Playwright Sir Tom Stoppard has presented to a committee of MSPs on the subject of languages.

In a petition, he told the committee that more needs to be done to protect lesser taught languages such as Polish, Russian and Czech. The teaching of these languages in Scottish institutions is currently under threat, with Glasgow University considering axing the teaching of five languages.

Sir Tom was born in Czechoslovakia and came to Britain as a refugee. He told the committee:

“For me the reputation for teaching language in general, and East European languages most particularly, gave Glasgow University, and by reflection the country, a distinction.

“It made it a place to be recommended everywhere.”

He warned: “It is on its way out, it will be gone.” (Source: BBC News)

Official letters will now be sent by the committee to Glasgow University and the Scottish government to ask what can be done about the decline.

Are you learning one of the “lesser taught” languages?

European Day of Languages

Posted on September 24th, 2011by Michelle
In Culture, Education, Events | Leave a Comment »

© Council of Europe, Strasbourg

Happy European Day of Languages! This year the EDL celebrates its 10th anniversary.

The EDL was initiated by the Council of Europe, who promote plurilingualism for all people across the continent. The Council comprises of 47 member states, with over 300 languages spoken!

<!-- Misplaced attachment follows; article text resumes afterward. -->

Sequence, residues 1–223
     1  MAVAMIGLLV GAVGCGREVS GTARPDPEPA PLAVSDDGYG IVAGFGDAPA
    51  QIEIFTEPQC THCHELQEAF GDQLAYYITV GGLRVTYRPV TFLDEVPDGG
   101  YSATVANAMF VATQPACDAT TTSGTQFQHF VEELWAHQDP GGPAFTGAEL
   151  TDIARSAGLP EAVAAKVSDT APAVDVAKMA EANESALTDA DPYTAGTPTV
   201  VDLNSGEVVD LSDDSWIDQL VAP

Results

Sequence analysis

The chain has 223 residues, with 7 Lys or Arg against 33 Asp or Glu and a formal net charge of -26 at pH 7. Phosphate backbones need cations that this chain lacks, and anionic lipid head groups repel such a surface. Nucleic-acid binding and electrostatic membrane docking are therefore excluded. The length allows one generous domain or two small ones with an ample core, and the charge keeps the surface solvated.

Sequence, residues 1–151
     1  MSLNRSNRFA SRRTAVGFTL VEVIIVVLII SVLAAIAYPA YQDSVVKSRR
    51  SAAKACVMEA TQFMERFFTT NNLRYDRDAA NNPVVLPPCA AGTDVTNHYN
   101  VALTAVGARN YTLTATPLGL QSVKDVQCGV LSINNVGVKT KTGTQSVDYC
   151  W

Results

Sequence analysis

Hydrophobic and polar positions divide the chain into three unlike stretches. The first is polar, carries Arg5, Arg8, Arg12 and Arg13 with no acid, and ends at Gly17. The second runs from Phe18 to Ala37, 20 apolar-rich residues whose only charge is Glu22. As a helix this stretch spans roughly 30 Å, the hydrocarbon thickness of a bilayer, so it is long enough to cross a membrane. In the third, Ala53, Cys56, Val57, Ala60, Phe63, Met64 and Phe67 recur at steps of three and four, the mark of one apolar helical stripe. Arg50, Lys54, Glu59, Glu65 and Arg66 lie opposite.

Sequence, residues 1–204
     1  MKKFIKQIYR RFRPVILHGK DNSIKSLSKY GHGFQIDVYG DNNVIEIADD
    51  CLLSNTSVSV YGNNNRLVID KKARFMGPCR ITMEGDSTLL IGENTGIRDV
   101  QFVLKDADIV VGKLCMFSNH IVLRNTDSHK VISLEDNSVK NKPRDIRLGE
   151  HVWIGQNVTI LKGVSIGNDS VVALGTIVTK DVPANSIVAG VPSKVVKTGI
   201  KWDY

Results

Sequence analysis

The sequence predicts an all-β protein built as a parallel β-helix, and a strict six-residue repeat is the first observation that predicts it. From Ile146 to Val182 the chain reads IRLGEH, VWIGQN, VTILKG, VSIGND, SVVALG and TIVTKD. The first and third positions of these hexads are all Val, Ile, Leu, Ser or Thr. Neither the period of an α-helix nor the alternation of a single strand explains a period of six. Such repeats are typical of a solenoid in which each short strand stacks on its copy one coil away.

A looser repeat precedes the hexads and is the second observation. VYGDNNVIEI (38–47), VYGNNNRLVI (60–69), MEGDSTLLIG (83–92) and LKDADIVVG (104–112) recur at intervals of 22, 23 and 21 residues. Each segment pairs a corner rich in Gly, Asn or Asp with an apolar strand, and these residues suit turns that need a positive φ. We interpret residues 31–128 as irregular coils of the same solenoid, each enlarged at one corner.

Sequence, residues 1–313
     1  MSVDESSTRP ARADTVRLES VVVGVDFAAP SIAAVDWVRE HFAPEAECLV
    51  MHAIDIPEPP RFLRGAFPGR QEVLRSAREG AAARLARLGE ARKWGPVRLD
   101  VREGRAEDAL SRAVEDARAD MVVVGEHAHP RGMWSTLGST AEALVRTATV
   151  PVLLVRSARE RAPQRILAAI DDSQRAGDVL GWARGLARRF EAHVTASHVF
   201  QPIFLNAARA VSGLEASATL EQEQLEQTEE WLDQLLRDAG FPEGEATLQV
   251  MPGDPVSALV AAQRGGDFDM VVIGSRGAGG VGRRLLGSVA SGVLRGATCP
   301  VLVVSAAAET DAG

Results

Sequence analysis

Everyone is encouraged to participate – you can find an event near you on the website. There are also materials to promote the events, like the poster in the picture to the left. Plus you can self-evaluate your language skills with a fun game!

What will you do for European Day of Languages?

Embarrassing mistakes

Posted on September 18th, 2011by Michelle
In Culture, Hints and Tips, Language acquisition | Leave a Comment »

We’ve all made mistakes in our target languages, some of them embarrassing. The Johnson blog at The Economist asked readers to share their most depressing moments on the path to fluency – here are a few gems:

Hydriotaphia - I also have a Japanese story. Having just returned from a year of intense language study, my girlfriend, two other Japanese-proficient friends and I decided to order in Japanese at an Izakaya in NYC. Of course, having been served our oden (if I recall correctly), I tried to ask our waitress whether there was any spicy mustard (karashi) available. Unfortunately, I in fact asked her whether she had a boyfriend (kareshi). Neither my girlfriend nor the waitress were pleased with me.